Google Maps Now Comes with Climate Data

Well this is convenient. The University of East Anglia's Climatic Research Unit has made its global temperature data available for Google Maps. Dubbed "CRUTEM4," the data allows Google Maps users to monitor how surface temperatures have changed over time, both globally and locally.

Ars Technica's John Timmer has more info:

CRUTEM4 calculates what's called a global mean land surface temperature. To do so, it divides the Earth's land areas into equally sized grid squares. Using temperature data from monitoring equipment in each grid cell, an average temperature for the cell is calculated; these temperatures are then averaged across the globe to give a global mean temperature.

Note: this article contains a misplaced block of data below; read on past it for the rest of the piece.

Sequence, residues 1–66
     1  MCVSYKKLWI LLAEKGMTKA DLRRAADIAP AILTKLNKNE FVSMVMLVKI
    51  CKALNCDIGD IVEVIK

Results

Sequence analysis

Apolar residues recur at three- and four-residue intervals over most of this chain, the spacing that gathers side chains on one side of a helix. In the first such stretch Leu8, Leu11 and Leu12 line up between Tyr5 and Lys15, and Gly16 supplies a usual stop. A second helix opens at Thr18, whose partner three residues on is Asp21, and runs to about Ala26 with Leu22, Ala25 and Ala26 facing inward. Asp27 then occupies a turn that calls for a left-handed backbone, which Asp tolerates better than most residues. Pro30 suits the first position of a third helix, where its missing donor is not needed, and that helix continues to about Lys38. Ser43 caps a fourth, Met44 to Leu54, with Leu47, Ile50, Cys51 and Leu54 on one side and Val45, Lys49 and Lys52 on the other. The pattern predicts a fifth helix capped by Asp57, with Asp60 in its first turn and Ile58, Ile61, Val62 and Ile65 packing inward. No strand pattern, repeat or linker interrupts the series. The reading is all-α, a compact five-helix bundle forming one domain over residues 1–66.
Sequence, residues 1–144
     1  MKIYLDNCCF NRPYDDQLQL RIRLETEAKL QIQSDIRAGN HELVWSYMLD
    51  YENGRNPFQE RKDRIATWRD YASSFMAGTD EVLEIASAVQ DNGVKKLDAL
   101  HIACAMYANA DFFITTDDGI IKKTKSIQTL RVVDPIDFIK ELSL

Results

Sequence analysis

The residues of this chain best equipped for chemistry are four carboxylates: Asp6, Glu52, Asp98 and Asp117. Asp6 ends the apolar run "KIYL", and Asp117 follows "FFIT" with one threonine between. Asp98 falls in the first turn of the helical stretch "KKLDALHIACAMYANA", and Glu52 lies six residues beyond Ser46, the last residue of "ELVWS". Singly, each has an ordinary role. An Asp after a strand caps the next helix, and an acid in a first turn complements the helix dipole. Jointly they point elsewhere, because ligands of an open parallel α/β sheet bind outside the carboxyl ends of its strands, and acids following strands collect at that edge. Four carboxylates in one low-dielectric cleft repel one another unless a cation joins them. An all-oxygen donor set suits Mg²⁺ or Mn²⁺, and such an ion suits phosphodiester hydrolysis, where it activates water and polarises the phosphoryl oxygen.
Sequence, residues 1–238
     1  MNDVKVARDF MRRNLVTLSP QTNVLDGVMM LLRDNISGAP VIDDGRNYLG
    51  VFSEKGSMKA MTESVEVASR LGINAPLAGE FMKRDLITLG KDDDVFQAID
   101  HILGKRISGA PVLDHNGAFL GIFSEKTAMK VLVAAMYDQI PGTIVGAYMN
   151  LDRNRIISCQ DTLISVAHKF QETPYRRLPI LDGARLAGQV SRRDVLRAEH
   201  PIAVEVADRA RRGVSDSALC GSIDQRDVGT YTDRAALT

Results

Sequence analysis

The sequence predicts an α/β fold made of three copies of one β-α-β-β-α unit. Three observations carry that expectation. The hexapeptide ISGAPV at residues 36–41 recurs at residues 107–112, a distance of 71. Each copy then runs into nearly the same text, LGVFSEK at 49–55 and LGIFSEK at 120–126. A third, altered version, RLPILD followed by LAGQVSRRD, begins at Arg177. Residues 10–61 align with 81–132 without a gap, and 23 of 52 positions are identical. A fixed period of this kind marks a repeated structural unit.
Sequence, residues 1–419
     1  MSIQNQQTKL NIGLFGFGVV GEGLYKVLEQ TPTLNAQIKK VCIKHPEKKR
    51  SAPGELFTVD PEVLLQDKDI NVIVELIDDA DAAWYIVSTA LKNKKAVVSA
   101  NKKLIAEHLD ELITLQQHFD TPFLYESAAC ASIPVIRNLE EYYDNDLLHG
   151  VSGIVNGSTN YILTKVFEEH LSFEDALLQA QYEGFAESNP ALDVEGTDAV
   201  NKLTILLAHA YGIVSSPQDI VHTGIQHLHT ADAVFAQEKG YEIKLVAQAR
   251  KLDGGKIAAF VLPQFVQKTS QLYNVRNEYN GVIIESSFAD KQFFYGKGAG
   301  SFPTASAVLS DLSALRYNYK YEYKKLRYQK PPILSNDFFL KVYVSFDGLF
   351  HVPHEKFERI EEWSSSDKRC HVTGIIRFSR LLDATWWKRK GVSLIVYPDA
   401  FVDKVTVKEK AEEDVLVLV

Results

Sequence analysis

One upshot of this is that you can now easily pull up data for arguments like the one in this recent xkcd strip, while seeing which areas of the planet's surface still lack temperature data:

Google Maps Now Comes with Climate Data

(NB: If you're looking for the data Randall Munroe used, specifically, i.e. the charts that track the number of frigid nights in specific cities since the 1970s, see this collection of charts over at Climate Central.) More info – including how to DL the CRUTEM4 dataset and explore it in Google Earth – at Ars.